SAGAL: No.

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SAGAL: I'll give you a hint. You know the thing where the cops do where they push people's heads down to fit them into the cars?

POUNDSTONE: Yeah.

SAGAL: Maybe they can do that to themselves.

POUNDSTONE: They can't fit in them.

SAGAL: Right, they can't fit in the cars.

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SAGAL: The cops can't. The new Opel patrol car is a sporty wagon with sporty bucket seats, but many German policemen do not have sporty chassis.

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SAGAL: Even if they did, they can't fit in the seats when they're wearing their equipment belts with all their stuff. Nobody bothered to check before they spent the $33 million on the new cars.

AMY DICKINSON: That does not sound very German to me.

SAGAL: The bad news is they've wasted all this money. The good news is they've taken a blow against the stereotype for being smart and efficient.

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DICKINSON: There you go.

BODETT: You know what kind of car you're going to be renting when you go to Germany now.

DICKINSON: A nice little Opel.

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SAGAL: There's a solution. Larger cops, or in German, Der Grosse Copper...

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SAGAL: Can simply arrest themselves so they can ride in the back.

Amy, despite apologizing, three British tourists who were visiting Australia are facing charges after allegedly doing what during a drunken night on the town?

DICKINSON: They really did go waltzing with Matilda.

SAGAL: They did not go waltzing with Matilda.

DICKINSON: With a kangaroo?

SAGAL: No. Maybe they thought they were like freeing a small nun from a convent.

DICKINSON: Oh, it involves a penguin.

SAGAL: It does. They kidnapped a penguin.

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DICKINSON: Oh, I hate that.

SAGAL: Anyone can wake up from a bender, next to a strange woman.

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SAGAL: Or man, I guess, but it takes a true champion of binge drinking to wake up next to a flightless seabird named Dirk.

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DICKINSON: No.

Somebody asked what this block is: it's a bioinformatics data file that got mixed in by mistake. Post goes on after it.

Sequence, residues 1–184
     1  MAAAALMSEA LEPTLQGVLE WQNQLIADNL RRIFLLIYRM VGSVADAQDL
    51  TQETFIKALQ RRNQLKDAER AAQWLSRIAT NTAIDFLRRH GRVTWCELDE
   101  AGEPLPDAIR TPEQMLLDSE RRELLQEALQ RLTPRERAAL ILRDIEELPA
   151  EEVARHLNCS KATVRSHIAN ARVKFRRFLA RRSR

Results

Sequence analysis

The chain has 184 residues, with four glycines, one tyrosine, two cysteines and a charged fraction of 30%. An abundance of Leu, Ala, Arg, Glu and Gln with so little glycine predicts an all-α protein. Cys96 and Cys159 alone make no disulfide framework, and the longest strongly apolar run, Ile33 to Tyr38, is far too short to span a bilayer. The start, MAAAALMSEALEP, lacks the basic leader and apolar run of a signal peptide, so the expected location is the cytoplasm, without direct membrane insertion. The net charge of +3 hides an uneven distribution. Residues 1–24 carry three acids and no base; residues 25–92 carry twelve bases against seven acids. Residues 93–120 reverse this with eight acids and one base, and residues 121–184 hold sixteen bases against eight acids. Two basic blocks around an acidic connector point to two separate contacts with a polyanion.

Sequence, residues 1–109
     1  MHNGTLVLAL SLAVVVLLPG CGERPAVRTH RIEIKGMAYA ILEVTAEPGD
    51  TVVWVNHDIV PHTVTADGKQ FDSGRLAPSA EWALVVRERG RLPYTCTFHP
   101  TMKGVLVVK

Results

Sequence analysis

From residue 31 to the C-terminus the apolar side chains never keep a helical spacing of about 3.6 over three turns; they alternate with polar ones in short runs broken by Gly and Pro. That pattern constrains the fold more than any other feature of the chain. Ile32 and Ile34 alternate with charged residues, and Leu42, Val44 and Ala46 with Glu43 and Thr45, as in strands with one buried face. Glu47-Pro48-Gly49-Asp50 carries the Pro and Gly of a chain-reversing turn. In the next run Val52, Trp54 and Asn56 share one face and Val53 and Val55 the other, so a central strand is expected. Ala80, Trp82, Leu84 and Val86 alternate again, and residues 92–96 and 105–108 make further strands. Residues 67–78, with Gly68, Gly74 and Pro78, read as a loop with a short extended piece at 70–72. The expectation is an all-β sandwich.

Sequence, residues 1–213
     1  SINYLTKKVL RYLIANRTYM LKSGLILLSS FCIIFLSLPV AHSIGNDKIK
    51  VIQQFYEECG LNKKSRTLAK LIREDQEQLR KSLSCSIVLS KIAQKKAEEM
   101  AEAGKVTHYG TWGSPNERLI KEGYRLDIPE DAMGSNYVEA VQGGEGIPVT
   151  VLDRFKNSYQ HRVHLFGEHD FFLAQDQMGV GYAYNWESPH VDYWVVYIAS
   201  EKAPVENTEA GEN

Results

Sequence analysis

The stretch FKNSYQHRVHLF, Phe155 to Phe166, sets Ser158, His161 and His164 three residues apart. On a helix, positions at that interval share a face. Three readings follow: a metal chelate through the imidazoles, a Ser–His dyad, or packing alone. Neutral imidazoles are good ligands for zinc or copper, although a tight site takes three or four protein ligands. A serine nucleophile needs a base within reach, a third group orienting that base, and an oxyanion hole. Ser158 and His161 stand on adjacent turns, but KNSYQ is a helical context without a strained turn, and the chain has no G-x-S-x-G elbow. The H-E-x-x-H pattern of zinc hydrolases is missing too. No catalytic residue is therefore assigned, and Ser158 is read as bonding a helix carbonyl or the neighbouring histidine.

SAGAL: The men claim they have no memory of breaking into Sea World, swimming with the dolphins and then stealing the penguin, who, once again, is named Dirk, Dirk the Penguin.

DICKINSON: Oh no.

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SAGAL: For his part, Dirk says he wouldn't have gone with them, but he was pretty wasted himself.

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SAGAL: Adding, "You think I'd walk like this if I was sober?"

DICKINSON: No. Was Dirk OK?

SAGAL: Dirk is totally fine. They were like, oh my god, we got a penguin. On my god, we got to bring it back. So they brought it back. They left it, like, near a shark-infested pool, which was not cool. But fine, Dirk the Penguin is fine. And then they would have gotten away with it, but they bragged about it on Facebook.

DICKINSON: Ohh.

POUNDSTONE: Ohh.

SAGAL: Yeah.

DICKINSON: Wow.

SAGAL: There's a lesson for you. If you get drunk, steal a penguin and bring it back, before you're caught, don't brag about it on Facebook.

DICKINSON: Yeah.

BODETT: How do you stay quiet about something like that?

DICKINSON: Truly, really.

SAGAL: Honestly.

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SAGAL: You can't. It's totally worth whatever happens, because now the world knows.

POUNDSTONE: Why, is that illegal?

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BODETT: Why do you ask, Paula?

SAGAL: Yeah. Paula, do you have to run home real quick? Why do you ask?

POUNDSTONE: I just got to make a call.

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(SOUNDBITE OF MUSIC) Transcript provided by NPR, Copyright National Public Radio.